Franz Wright, "Solution"
It's hard to identify, when living in an area which isn't working for you, what is and isn't knowledge.
I am struggling to compose a "Best Of" for 2022. Certainly, there are experiences I want to share with you. For example, Kate Beaton's Ducks and Jeanette McCurdy's memoir were reads that shook me. However, what was truly transformative about this past year can't be communicated through a list. Despite setbacks and uncertainty, I got to be more of myself. I got to be a nervous wreck in job interviews and in public, a wreck who happened to say one or two things which stayed with people. Maybe just as importantly, moving confirmed certain suspicions of mine. It's hard to identify, when living in an area which isn't working for you, what is and isn't knowledge. You can see opportunities which will never be yours, but you can't be sure you've done enough for them. Once you're at a place where your value is more readily accepted, the suspicions are confirmed. There are areas defined by structures such that you could have a Nobel Prize and not receive a second's thought.
To properly explore the transformative, I would like to consider an object which means to transform someone. A poem I'd like to transform me. Enter Franz Wright's "Solution:"
Solution (h/t Timothy Colman) Franz Wright What is the meaning of kindness? Speak and listen to others, from now on, as if they had recently died. At the core the seen and unseen worlds are one.
"What is the meaning of kindness?" opens Wright. Some will dismiss the question. Kindness, they believe, is an obvious good. They give it, receive it, acknowledge it. I have to take the question seriously, if only because I've known a number ready and willing to hurt others. Often they'd ask about the value of kindness cynically. When other people showed it, it was dismissed as insincere.
The meaning of kindness, then, needs explanation. Wright provides an imperative which immediately overwhelms: "Speak and listen to others, from now on, / as if they had recently died." It's beautiful, flooding us with tenderness, framing lovely moments with strangers. This meaning of kindness feels like kindness. However, how does it apply to those who have dedicated themselves to abuse or neglect? They want to be remembered, if not idolized. When you treat them with the tenderness given to the recently passed, you obligate yourself to their memories. Their just and unjust ways of seeing the world can become your obligation. The truth, not so much.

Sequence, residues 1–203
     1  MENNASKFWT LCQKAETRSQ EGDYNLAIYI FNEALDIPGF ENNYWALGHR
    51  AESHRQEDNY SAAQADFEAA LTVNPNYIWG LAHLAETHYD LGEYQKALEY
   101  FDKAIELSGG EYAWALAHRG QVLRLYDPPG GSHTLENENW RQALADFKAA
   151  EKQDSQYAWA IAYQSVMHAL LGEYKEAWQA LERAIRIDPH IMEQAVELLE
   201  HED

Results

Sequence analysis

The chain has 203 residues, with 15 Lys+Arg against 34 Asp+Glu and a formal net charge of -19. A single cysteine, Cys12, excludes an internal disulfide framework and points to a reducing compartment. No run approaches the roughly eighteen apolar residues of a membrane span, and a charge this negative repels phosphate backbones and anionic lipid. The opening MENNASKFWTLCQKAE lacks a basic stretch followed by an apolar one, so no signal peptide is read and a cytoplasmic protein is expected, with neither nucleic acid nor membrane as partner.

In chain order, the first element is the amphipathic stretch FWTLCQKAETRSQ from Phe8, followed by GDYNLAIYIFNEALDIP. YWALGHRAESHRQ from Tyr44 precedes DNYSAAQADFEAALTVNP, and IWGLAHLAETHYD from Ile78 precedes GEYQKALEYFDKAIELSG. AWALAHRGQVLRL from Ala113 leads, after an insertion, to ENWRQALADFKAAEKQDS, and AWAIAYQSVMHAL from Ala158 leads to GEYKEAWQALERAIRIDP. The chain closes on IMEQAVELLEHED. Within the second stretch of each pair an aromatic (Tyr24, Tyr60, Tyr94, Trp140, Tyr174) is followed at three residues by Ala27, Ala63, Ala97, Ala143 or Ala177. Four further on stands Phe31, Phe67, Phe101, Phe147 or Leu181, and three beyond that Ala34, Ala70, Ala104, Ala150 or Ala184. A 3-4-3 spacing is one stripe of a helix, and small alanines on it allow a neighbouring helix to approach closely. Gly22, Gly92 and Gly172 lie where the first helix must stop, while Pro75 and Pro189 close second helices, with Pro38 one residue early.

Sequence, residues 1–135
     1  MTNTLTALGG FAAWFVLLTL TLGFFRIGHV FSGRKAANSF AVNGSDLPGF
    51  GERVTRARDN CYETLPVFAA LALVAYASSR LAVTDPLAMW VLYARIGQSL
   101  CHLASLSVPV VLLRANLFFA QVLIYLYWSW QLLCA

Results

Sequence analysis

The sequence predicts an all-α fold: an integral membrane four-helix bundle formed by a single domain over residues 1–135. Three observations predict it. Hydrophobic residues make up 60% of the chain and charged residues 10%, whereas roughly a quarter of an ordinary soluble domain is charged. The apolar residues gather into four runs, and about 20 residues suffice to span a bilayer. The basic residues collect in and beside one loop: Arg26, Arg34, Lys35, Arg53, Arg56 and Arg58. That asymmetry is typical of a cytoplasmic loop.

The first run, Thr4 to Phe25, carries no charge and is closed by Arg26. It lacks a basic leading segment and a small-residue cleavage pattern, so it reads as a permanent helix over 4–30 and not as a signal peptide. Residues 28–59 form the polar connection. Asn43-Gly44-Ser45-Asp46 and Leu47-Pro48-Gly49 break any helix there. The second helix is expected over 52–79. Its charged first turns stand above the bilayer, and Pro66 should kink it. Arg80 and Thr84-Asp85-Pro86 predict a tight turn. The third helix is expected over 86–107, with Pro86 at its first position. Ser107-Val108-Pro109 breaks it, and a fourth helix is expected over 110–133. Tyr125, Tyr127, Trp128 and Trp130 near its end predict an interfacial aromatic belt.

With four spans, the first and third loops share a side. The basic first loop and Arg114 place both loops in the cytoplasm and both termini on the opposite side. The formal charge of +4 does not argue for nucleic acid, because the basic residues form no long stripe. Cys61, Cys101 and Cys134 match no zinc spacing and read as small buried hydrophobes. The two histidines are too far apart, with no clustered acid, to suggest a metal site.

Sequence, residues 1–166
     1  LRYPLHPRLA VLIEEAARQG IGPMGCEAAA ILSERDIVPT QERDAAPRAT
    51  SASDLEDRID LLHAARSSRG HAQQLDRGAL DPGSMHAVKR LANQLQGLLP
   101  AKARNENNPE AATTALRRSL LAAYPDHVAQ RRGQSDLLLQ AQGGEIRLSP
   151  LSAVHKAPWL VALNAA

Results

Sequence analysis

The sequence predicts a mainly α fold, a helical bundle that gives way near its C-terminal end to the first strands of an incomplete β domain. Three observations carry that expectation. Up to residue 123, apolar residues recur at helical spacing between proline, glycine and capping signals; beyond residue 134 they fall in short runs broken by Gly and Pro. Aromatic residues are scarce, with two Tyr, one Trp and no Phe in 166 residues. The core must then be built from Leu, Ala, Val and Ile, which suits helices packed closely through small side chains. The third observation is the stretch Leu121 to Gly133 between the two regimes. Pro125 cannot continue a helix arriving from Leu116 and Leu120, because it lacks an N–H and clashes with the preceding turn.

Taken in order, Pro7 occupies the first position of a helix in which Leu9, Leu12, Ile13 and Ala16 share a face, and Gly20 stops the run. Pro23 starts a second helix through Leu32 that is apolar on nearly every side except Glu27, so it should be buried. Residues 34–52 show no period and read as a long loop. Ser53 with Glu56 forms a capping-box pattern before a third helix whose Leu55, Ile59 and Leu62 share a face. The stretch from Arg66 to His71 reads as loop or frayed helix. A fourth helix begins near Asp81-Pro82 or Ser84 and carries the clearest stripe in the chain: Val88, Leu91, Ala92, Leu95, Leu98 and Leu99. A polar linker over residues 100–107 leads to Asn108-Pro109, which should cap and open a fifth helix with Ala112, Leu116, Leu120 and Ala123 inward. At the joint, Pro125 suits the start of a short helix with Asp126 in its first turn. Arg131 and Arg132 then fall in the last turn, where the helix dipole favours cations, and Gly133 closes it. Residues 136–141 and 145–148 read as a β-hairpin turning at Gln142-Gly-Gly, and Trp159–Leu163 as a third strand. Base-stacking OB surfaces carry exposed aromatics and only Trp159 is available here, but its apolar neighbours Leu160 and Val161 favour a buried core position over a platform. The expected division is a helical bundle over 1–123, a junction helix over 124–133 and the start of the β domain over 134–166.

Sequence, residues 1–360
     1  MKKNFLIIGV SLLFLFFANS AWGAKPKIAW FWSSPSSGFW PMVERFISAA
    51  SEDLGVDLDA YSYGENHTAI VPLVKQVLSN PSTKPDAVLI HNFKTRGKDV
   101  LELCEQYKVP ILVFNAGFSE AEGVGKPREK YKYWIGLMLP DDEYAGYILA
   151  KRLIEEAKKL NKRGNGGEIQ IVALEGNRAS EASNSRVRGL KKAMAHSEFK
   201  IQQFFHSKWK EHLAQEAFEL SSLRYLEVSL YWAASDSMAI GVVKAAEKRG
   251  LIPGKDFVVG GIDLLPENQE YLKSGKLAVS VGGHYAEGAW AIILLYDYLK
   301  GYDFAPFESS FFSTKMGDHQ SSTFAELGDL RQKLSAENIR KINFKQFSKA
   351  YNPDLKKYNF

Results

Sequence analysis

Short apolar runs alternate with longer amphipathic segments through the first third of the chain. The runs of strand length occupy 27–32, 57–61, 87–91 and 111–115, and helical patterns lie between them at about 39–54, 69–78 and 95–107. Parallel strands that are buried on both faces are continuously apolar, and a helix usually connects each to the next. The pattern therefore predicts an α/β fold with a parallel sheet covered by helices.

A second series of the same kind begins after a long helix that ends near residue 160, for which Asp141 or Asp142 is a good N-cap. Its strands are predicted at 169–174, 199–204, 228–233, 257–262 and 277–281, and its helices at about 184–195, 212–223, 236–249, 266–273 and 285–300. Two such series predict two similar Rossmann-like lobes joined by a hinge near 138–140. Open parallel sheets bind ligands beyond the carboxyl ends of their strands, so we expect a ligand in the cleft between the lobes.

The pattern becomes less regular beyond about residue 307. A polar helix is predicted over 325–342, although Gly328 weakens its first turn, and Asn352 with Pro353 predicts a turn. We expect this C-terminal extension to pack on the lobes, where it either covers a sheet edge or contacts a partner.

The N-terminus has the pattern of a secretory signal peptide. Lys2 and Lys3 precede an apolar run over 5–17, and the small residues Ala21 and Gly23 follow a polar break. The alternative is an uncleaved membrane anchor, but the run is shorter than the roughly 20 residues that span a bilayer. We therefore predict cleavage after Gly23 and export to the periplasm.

I want to speak and listen to others as if they had just moved beyond this life. And I do not want to do injustice to my experience, my values, my memories. The dead who refuse to admit wrongdoing are accountable. Infamous. To clarify this tension I want to embrace, I think it is worth quoting Alexander Chee on the necessity of wartime writing:
Speak to your dead. Write for your dead. Tell them a story. What are you doing with this life? Let them hold you accountable. Let them make you bolder or more modest or louder or more loving, whatever it is, but ask them in, listen, and then write.
"Speak to your dead.... Let them hold you accountable." I can be responsible to those better than me by working harder, asking more questions, and accepting tough truths. And I can be responsible to those who hurt others in a different way. A just accounting need not be merciless. It needs to share in tenderness, in the pity of those who don't know how to treat others well or show respect. It needs to pity those who do not earnestly ask why dignity matters.
Still, I wonder who I envision when I picture myself speaking and listening to others as if they had recently died. Yeah, whoever that person is, they're a much better person than I am now. Too much better. Wright says "[a]t the core the seen and unseen worlds are one." I can't help but feel I would have to learn how to grapple with an invisible world in order to glimpse my best self. An imperative so compelling, so overwhelming, brings us to those moments everything must change to continue being.